/ General Education

Grand Challenges Initiative

A major grant from the Andrew W. Mellon Foundation  brings together faculty and students from multiple divisions and disciplines in exploring “grand challenges” — the important issues facing the world in which the students are preparing to live and work.

The college received an $800,000, three-year grant from the foundation to establish the “Mellon Grand Challenges Initiative,” through which Hope has developed linked courses across the disciplines and established faculty-student research opportunities built around large-scale, relevant themes — like, for example, post-conflict reconciliation, religious coexistence, globalization or freedom of speech. In addition to addressing the questions themselves, the program also models how bringing together the skills and insights of multiple disciplines provides the best hope of addressing complex issues.

Call for proposals

The initiative provides new courses and a new emphasis in the college’s general education program as well as collaborative faculty-student research opportunities in the summer, both of which have long histories at the college. The Mellon Grand Challenges Initiative began fall 2017 and supports the development of about six projects per semester, involving two or more faculty members, developing a potential total of about 50 new linked courses.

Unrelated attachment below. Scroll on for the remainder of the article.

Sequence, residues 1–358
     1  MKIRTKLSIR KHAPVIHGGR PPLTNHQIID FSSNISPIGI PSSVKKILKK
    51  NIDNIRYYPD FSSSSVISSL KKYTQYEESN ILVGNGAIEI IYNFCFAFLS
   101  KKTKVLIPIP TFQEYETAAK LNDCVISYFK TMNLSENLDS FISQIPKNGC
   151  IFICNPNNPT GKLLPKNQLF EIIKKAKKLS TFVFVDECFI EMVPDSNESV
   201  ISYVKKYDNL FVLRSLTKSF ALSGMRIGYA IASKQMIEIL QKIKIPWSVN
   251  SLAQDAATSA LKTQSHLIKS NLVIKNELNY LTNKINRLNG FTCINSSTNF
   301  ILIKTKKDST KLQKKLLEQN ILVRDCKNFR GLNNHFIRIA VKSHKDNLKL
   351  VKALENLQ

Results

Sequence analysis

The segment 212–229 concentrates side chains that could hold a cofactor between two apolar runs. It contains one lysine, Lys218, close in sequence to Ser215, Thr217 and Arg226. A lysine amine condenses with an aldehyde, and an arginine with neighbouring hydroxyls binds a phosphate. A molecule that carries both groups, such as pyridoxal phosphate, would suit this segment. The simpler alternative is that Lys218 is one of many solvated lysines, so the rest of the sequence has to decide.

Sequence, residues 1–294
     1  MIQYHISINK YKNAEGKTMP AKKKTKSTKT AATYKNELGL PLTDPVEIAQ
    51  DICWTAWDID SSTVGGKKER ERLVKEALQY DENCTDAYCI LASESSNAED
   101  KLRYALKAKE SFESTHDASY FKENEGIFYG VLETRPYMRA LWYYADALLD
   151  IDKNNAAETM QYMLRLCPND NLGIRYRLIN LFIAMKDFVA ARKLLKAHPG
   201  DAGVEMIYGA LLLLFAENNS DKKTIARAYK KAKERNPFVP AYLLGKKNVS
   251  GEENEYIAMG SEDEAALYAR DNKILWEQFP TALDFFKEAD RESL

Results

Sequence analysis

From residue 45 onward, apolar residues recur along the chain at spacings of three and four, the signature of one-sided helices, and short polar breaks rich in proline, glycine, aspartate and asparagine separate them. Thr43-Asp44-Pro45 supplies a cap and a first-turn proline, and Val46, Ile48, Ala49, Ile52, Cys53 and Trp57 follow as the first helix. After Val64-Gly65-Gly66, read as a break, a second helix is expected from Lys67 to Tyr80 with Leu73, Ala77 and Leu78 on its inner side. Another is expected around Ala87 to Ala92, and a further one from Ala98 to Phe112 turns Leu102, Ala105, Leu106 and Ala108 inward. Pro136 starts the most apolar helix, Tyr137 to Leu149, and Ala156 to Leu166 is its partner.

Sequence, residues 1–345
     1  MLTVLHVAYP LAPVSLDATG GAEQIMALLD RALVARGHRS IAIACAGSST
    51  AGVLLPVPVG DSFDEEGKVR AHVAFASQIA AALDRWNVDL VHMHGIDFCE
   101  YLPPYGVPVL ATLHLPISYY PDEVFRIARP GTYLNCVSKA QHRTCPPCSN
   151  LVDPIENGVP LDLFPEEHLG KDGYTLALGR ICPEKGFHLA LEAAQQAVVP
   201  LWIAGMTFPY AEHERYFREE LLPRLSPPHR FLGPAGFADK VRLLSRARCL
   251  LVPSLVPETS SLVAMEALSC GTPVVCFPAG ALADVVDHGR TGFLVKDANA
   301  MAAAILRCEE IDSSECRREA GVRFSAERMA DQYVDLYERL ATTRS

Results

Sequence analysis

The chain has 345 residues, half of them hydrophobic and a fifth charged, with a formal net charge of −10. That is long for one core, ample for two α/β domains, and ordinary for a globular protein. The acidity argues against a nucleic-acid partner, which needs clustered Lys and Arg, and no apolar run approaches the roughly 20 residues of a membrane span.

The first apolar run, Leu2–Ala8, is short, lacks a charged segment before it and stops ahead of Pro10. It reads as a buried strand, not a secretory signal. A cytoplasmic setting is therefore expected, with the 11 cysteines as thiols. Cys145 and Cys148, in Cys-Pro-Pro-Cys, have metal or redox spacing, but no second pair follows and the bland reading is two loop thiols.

The courses are selected from proposals submitted by professors interested in teaching them, drawing upon their unique strengths, with the expectation that the proposals will involve at least one general education course and potential engagement with students from across the disciplines. In keeping with the program’s goals, requirements include involvement by at least two faculty from different academic divisions (arts, humanities, natural and applied sciences, and social sciences); a topic reflecting the “grand challenges” theme; potential summer research opportunities for students; and a plan for sharing the research results through poster presentations, involvement in professional conferences and the development of online projects similar to those created by students in the college’s Andrew W. Mellon Foundation Scholars Program in the Arts and Humanities since 2010.

The initiative also helps to create a larger continuity within the rest of the college’s curriculum. While the courses can be for any level of student, a new freshman-level First-Year Seminar, for example, could lead into a similarly-themed course in chemistry or religion or psychology, or into a cross-disciplinary program such as environmental studies, and ultimately perhaps provide guidance into choice of major and even career path.

The program ties particularly to a variety of objectives in the college’s strategic plan, “Hope for the World: 2025,” adopted in 2015, including emphasis on providing faculty-supervised experience that link intellectual skills developed through the liberal arts with vocational experiences; engaging multiple perspectives and disciplines in teaching, learning and scholarship; and enhancing cross-cultural and global learning.

Although the Mellon Grand Challenges Initiative is a separate program with its own distinct focus, it builds on the experience of the Andrew W. Mellon Foundation Scholars Program in the Arts and Humanities, which integrates technology, experiential education and faculty-student collaborative research in the arts and humanities. The Andrew W. Mellon Foundation Scholars Program in the Arts and Humanities began in 2010 through funding from the foundation, which provided an additional grant for the program in 2013.